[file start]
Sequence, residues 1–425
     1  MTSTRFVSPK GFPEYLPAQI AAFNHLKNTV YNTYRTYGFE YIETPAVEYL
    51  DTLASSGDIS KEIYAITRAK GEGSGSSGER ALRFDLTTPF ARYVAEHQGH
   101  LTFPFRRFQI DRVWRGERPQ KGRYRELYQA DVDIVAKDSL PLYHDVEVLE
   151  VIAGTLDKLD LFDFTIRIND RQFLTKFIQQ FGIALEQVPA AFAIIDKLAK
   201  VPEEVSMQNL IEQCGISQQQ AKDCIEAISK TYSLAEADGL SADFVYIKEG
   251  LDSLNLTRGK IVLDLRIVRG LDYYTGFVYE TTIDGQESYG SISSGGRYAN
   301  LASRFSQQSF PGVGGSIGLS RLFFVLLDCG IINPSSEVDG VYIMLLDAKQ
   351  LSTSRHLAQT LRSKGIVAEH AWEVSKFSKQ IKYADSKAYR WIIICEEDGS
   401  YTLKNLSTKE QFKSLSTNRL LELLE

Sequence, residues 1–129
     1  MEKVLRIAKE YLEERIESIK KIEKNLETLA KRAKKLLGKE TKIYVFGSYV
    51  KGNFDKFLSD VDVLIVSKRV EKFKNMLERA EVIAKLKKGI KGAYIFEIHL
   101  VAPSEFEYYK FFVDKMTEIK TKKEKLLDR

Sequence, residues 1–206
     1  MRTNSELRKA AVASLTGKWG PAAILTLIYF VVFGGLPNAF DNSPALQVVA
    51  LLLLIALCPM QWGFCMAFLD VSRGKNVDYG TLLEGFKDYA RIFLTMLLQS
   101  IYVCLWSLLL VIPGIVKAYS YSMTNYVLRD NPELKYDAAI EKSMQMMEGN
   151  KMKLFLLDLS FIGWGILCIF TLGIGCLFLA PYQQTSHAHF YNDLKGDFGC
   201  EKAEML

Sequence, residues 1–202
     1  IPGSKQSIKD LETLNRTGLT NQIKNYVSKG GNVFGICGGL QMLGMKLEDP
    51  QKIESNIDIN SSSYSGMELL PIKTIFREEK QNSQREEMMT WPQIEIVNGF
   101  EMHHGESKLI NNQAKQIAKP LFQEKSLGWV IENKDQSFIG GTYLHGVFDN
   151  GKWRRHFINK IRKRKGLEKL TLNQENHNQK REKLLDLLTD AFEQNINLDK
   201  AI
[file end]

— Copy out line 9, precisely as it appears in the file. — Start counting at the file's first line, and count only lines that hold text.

   351  LSTSRHLAQT LRSKGIVAEH AWEVSKFSKQ IKYADSKAYR WIIICEEDGS